Don’t take my word for it. Read the transcript. The conservative justices were at pains to challenge the very idea that the citizenship question could depress noncitizens’ response rates, despite the fact that numerous Census Bureau studies have shown that to be the case. “What jumps out,” Justice Samuel Alito said to Solicitor General Barbara D. Underwood of New York, “is the fact that citizens and noncitizens differ in a lot of respects other than citizenship. They differ in socioeconomic status. They differ in education. They differ in language ability.” And so, he went on, “I don’t think you have to be much of a statistician to wonder about the legitimacy of concluding” that the response rate would go down “because of this one factor.”

Justice Neil Gorsuch weighed in. “There could be multiple reasons why individuals don’t complete the form.” He continued: “We don’t have any evidence disaggregating the reasons why the forms are left uncompleted. What do you do with that? I mean, normally we would have a regression analysis that would disaggregate the potential cause and identify to a 95th percentile degree of certainty what the reason is that persons are not filling out this form and we could attribute it to this question. We don’t have anything like that here. So what are we supposed to do about that?”

Justice Alito then returned to his theme. There were “many factors that could explain a decline when you’re distinguishing between citizens and noncitizens,” he said.

When Ms. Underwood started to explain that the Census Bureau studies had controlled for the differences, Justice Gorsuch broke in. “It’s fair to say we don’t have this isolated, though, isn’t it?” he asked.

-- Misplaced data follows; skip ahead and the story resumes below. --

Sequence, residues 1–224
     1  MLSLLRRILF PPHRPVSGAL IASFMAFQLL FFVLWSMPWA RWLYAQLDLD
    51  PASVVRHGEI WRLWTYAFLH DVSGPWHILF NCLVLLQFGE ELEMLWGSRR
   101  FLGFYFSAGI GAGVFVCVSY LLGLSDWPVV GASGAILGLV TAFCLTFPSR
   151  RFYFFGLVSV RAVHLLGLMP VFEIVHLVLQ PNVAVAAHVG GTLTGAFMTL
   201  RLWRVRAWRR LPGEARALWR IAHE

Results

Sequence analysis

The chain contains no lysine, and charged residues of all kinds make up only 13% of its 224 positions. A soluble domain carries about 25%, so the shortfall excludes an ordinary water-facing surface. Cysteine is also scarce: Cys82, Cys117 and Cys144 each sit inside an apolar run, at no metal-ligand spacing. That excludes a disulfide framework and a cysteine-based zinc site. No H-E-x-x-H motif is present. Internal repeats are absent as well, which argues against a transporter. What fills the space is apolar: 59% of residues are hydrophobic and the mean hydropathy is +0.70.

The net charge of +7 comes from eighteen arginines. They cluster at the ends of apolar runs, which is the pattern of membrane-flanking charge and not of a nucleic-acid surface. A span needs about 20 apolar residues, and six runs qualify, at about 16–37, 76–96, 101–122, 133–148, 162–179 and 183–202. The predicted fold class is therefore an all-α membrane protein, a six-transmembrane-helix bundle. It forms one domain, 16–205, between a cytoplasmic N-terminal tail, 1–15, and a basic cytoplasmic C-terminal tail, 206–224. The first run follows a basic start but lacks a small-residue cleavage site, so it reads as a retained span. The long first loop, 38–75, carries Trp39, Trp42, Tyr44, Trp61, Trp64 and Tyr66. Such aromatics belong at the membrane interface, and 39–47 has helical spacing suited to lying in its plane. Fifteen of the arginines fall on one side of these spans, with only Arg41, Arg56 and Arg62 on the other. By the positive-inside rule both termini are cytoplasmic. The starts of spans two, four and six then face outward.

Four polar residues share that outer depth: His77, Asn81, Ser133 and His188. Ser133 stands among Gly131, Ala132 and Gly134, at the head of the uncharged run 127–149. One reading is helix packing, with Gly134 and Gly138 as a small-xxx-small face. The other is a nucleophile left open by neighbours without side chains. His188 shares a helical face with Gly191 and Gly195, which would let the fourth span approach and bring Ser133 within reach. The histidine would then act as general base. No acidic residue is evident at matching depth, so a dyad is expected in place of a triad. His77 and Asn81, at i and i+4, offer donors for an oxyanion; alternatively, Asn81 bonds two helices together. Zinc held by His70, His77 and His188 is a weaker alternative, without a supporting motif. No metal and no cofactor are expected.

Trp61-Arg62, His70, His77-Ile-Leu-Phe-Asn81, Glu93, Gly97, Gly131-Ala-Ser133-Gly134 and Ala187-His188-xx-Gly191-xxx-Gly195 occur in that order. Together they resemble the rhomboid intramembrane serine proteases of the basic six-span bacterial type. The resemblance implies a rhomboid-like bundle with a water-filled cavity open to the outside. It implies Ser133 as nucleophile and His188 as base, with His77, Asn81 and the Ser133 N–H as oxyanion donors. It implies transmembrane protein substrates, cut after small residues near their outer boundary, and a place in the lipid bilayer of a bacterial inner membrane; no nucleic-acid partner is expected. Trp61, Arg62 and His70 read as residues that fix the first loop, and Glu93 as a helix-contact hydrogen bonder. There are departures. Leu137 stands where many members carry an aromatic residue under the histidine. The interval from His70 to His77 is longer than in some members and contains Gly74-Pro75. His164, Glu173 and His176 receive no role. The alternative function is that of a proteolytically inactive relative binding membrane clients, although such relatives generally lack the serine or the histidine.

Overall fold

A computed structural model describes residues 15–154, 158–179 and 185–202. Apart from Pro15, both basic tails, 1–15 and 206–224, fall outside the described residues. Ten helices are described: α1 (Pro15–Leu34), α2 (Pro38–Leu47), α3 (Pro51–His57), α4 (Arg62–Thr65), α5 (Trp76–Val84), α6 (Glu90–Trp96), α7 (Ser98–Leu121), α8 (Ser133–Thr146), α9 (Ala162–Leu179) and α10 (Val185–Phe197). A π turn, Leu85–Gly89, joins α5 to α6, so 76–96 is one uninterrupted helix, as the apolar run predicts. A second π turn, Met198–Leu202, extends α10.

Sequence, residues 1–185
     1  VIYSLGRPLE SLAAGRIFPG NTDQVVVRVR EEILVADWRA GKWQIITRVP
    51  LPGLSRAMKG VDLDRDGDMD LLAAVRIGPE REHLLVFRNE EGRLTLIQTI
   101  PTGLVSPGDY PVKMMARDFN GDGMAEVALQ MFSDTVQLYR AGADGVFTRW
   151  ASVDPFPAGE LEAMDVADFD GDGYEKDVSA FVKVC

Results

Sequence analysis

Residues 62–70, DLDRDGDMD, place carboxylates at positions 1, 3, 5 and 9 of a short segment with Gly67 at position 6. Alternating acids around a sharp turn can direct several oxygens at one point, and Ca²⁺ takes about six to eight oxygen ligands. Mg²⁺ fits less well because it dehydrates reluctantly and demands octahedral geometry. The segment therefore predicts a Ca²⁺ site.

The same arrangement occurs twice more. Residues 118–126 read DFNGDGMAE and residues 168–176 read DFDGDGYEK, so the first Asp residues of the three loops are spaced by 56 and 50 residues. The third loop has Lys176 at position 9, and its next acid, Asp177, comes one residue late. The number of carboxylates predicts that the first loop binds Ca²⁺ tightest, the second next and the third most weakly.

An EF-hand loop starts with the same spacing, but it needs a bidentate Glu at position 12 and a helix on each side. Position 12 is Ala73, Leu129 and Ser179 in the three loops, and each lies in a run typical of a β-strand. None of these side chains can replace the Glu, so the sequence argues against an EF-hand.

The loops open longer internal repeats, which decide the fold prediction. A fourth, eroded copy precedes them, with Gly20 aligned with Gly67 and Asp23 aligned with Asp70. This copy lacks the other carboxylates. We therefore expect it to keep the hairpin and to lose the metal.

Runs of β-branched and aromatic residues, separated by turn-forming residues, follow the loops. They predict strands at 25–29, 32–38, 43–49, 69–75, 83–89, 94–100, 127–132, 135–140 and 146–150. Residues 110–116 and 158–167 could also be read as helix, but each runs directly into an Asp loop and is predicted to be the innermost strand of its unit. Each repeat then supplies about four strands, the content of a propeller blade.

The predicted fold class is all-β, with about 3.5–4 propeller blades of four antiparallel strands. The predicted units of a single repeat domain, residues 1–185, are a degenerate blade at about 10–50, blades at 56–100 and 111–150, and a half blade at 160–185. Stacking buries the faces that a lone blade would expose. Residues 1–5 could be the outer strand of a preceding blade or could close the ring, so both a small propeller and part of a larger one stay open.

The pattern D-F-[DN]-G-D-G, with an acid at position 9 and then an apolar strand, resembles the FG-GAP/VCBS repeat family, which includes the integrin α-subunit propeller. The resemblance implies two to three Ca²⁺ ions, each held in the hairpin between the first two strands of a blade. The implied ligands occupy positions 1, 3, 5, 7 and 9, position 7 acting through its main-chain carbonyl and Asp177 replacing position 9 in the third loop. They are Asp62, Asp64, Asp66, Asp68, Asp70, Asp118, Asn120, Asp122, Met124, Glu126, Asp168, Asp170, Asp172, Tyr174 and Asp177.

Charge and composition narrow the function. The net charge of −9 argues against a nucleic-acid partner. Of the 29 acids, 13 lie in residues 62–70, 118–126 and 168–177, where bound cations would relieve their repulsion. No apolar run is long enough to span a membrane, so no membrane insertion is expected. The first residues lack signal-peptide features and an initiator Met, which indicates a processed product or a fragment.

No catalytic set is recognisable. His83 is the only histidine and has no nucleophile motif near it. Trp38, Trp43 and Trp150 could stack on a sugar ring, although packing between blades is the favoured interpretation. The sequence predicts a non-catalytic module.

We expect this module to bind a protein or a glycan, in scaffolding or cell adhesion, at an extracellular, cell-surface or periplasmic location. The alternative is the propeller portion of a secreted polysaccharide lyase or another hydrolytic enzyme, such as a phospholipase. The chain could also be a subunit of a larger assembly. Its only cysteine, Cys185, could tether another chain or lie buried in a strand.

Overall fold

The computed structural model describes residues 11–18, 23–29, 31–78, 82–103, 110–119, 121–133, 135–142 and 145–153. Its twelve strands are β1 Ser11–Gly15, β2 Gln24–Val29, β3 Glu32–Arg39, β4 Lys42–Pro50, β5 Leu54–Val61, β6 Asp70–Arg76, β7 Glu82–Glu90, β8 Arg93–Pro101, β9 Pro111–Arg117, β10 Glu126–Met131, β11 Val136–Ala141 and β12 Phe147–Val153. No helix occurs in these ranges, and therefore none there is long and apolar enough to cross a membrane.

At this point in the transcript, Justice Stephen Breyer’s exasperation with his colleagues almost jumps off the page. “There are a million factors,” he said with evident sarcasm. “There are pet dogs, you know. I mean, there are cats.”

It fell to Justice Elena Kagan to bring the argument back to earth. “Would it be right to say, General,” she said to Ms. Underwood, “that it was the Census Bureau’s conclusion, a bureau full of statisticians, that it was the citizenship question that was driving the differential response rates?”

“That is correct,” Ms. Underwood replied.

Among the other conservative justices, Justice Clarence Thomas, as is his custom, said nothing, and Justice Brett Kavanaugh said relatively little. Chief Justice John Roberts didn’t join in the game that Justices Alito and Gorsuch were playing, but he did seem strangely obtuse when he observed to Ms. Underwood that “we’ve had demographic questions on the census, I don’t know how far back, but certainly, it’s quite common. Sex, age, things like that. ‘Do you own your house?’ ‘Do you own a radio?’ I mean, the questions go quite beyond how many people there are.”